Croatian Prime Minister Andrej Plenkovic is patronising Bosnia and Herzegovina and acting like a spokesperson for only one ethnic group in the country when speaking with European institutions and in bilateral meetings, the head of Bosnia’s Government said in a statement on Friday.
“Plenkovic is abusing Croatia’s EU membership when behaving as if he was the prime minister of Bosnia and Herzegovina and not of Croatia,” says the statement from the Chairman of Bosnia’s Council of Ministers (CoM), Denis Zvizdic.
The reaction came after Plenkovic raised the issue of the results of Bosnia’s October 7 General Election at an EU summit on Thursday.
“I explained that we were worried about the Bosniaks, who are a majority people in the Federation (of Bosnia and Herzegovina) electing a representative of the Croat people in the presidency against the will of Bosnian Croats. We explained that the spirit of Dayton (Agreement) was betrayed and that the scenario was not good either for the functioning of Bosnia and Herzegovina, or for the three constituent peoples (Croats, Bosniaks, and Serbs), in this case for the Croat people,” Plenkovic told reporters after an EU summit.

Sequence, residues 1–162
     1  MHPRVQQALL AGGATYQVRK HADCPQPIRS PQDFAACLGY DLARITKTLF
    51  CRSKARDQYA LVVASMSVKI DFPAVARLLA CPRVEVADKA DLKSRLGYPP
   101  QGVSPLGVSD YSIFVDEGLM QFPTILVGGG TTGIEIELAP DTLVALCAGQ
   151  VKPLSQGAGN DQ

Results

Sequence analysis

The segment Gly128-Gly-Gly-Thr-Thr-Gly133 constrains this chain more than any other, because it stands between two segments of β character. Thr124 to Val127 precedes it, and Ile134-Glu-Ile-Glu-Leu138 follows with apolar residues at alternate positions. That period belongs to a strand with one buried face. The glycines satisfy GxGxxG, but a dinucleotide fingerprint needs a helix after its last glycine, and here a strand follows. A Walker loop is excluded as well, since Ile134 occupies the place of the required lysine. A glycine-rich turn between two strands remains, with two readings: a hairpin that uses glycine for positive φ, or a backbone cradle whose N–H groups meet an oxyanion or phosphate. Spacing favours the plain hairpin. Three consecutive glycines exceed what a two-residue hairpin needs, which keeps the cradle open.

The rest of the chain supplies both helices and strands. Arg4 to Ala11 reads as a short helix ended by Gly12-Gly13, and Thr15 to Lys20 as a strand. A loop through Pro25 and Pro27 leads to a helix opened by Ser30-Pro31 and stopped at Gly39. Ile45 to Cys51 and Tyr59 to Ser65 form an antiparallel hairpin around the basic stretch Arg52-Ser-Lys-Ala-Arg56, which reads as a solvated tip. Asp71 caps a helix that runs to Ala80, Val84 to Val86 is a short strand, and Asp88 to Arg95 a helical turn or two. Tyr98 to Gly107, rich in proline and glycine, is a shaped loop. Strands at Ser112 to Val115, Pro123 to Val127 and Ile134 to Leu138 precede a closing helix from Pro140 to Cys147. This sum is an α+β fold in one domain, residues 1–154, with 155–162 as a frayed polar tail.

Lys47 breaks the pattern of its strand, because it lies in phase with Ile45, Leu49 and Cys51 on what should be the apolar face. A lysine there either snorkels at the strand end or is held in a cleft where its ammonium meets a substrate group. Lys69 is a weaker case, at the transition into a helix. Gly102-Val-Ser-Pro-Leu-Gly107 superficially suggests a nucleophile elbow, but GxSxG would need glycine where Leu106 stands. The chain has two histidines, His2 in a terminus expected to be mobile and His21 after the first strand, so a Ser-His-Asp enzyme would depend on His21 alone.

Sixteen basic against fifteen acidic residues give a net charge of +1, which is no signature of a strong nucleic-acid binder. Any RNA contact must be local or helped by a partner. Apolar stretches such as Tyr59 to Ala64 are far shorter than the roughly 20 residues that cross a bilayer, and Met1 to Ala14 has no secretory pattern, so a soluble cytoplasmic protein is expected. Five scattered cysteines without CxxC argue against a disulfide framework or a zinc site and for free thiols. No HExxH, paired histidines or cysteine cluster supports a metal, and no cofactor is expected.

But Zvizdic said that Plenkovic is misrepresenting the situation.
“This is not in line with good neighbourly relations and represents open and direct interfering in Bosnia’s internal issues,” he said, adding that Plenkovic is trying to present “untrue, selective and confusing theories about the endangerment of only one ethnic group in Bosnia and Herzegovina.”
He exemplified this with the fact that Bosnian Croats comprise, according to the 2013 census, 15,43 percent of the population, but that they “have twice as much senior positions – nearly 30 per cent,” which he said “completely contradicts any theory of inequality.”
The problem stems from the election of Zeljko Komsic, the leader of the left-leaning Democratic Front (DF), as the Croat member of Bosnia’s Presidency at the October 7 election.
Bosnia’s presidency is composed of three members, each representing one of the three majority ethnic groups living in the country – Bosniaks, Croats, and Serbs. The country is also composed of two semi-autonomous entities, the Bosnian Serb-majority Republika Srpska (RS) and the Federation (FBiH), shared by Croats and Bosniaks. While the Serb presidency member is elected from the RS, the Bosniak and Croat members are elected from the FBiH.
The Croatian Democratic Union (HDZ) is the ruling party in Croatia and has a sister party in Bosnia. The leader of Bosnia’s HDZ is Dragan Covic, who lost in his bid for reelection in Bosnia’s Presidency to Komsic.
Since there are many more Bosniaks than Croats in the Federation, Bosnian Croat representatives, particularly those of the Croat Democratic Union (HDZ), have been complaining that Bosniaks are able to elect the Bosnian Croat member and that they did so to help Komsic.
Bosnian Croat politicians and Croatia’s top officials intensified calls for the Election Law in Bosnia to be changed in order to avoid this from happening again.